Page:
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Building Surveyors Surrey: 01932 864375

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Building Survey Process

Stages of a building survey

A building survey, a structural survey or a property inspection provides a detailed, comprehensive examination of a property’s condition, construction and structure. 

Whether you require a Level 1 Condition Report, Level 2 Home Survey or a Level 3 Building Survey, the process is relatively the same. You can learn the differences between the types of surveys available, with the main differences being the level and detail of inspection.

What's involved

Is a building survey worth it?

The process starts with an initial consultation between the surveyor and the client, often the property owner or buyer.

During the consultation, you’ll be free to discuss your specific concerns, property, objectives and any areas of the property you need the surveyor to focus on.

Typically, the initial consultation only lasts 15-20 minutes, with the owners or buyers learning more about the surveys offered, the price, and how soon they can be completed. Schedule a consultation with us here.

Once you’ve employed our services, we’ll send an experienced, local surveyor out to the property, where they will thoroughly inspect it internally and externally.

Drone equipment might also be used to examine hard-to-reach or see areas of the building.

We will assess various aspects of the property, from the structure’s condition to the roofing, walls, floors, windows, doors, plumbing, electrical systems, insulation and any visible signs of defects or damage.

To showcase our findings, we’ll assemble an easy-to-understand report outlining detailed measurements, photographs and details of the property’s current condition.

Sometimes, we might use special equipment and tools to assess hidden areas and structural elements that are invisible to the naked eye.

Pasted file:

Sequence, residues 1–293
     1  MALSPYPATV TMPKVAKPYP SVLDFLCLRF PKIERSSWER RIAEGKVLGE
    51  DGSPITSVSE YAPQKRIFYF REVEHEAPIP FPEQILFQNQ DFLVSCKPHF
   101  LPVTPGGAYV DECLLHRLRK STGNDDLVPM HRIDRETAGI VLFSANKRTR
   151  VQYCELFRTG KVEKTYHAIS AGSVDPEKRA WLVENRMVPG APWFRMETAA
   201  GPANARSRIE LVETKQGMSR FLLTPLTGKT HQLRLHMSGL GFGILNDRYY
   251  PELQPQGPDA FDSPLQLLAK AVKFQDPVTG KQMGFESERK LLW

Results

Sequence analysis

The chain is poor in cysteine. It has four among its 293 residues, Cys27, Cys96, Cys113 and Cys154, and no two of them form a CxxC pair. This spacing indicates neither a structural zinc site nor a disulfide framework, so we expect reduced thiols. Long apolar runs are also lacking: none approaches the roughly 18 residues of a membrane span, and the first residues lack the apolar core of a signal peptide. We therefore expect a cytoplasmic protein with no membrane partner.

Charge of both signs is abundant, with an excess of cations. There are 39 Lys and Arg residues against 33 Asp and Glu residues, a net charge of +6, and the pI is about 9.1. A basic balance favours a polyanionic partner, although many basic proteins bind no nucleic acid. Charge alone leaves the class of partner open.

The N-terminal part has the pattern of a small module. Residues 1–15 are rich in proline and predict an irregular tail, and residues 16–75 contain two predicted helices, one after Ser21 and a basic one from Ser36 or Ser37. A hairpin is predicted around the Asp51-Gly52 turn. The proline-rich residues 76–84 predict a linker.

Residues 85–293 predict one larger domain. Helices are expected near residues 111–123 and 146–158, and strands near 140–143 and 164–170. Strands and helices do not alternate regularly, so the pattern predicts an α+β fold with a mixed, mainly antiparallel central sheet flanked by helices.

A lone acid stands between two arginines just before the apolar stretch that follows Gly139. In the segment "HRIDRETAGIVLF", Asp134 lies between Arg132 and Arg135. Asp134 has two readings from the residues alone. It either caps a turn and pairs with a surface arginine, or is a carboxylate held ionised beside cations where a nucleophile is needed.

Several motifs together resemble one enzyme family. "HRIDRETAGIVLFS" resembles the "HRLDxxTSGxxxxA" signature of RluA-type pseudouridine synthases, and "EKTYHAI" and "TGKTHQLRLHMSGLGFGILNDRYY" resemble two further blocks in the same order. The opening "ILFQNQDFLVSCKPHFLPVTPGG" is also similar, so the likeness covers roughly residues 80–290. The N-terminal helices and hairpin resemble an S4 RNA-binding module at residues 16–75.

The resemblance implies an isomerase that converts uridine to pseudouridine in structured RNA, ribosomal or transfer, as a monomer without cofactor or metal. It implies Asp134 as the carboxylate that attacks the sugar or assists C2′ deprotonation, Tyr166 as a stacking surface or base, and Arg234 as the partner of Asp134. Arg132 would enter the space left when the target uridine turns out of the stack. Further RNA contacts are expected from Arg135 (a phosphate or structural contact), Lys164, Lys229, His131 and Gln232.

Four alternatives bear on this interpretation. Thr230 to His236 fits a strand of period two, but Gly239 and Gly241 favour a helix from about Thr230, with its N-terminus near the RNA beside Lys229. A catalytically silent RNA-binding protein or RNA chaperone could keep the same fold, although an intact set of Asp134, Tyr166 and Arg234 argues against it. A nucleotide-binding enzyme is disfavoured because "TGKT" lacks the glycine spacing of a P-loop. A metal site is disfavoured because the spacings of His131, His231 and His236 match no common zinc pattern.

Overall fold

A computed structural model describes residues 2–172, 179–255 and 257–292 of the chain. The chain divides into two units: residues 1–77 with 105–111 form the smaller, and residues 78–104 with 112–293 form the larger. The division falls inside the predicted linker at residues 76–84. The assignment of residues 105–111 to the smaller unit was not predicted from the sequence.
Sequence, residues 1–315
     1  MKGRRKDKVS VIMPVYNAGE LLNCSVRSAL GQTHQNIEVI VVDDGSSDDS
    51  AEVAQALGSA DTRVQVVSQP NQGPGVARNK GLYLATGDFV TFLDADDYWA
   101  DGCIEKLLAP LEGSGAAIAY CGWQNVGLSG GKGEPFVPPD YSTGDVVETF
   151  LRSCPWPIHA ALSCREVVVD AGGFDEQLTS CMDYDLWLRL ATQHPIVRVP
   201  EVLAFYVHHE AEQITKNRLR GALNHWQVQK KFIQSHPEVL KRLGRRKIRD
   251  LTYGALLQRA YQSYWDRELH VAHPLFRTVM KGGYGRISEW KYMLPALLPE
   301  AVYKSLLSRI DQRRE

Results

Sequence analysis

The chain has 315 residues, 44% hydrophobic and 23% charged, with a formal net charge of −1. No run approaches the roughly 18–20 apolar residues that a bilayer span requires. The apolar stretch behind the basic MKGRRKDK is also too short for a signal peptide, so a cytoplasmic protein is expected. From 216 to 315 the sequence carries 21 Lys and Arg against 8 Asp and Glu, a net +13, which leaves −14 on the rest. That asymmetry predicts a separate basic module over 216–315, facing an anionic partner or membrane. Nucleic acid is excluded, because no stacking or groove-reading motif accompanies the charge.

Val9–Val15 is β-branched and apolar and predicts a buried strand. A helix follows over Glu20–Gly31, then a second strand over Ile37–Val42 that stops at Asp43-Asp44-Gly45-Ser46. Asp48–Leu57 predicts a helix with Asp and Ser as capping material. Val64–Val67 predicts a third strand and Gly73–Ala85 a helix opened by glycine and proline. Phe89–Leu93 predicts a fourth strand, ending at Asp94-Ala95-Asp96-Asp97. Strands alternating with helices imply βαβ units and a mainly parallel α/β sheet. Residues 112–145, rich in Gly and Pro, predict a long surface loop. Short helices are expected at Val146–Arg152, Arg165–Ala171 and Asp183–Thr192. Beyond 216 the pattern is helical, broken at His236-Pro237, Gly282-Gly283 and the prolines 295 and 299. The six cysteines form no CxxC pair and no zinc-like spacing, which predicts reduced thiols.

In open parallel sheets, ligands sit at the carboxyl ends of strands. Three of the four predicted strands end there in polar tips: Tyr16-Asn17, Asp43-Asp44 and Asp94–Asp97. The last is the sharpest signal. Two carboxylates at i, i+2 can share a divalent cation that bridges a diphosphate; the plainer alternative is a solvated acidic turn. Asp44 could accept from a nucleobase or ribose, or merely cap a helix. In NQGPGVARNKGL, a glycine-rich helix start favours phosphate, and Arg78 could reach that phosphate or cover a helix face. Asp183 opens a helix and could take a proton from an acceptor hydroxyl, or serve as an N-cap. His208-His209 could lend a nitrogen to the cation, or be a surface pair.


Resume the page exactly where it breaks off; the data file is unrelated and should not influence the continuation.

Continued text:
However, do note that most inspections are visual only. 

Buyers or owners, through the report, will be made aware of any defects, deficiencies, or potential issues that might affect the property’s value, safety or structural integrity.

We’ll also point out areas that might not be of concern now but will be of concern later down the line and require considerable investment and renovation.

The comprehensive report will also document the severity of any identified defects and suggest any remedial actions or any further investigations that might be required.

The client will be presented with the report that can be reviewed and discussed with the surveyor, who can explain the findings in detail and answer any questions the owners or buyers might have.

It will also be an opportunity to provide advice on addressing identified issues and the proposed cost to repair or maintain the property.

Based on our recommendations, you might take further action, negotiate repairs or adjustments with the seller (in instances of a property purchase), obtain cost estimates for repairs from builders, and possibly undertake specialise assessments if necessary. 

In some instances, our surveyors may offer follow-up services, for example, periodic inspections, monitoring, tracking the progress of any recommended repairs, or reassessing the property’s condition or value over time.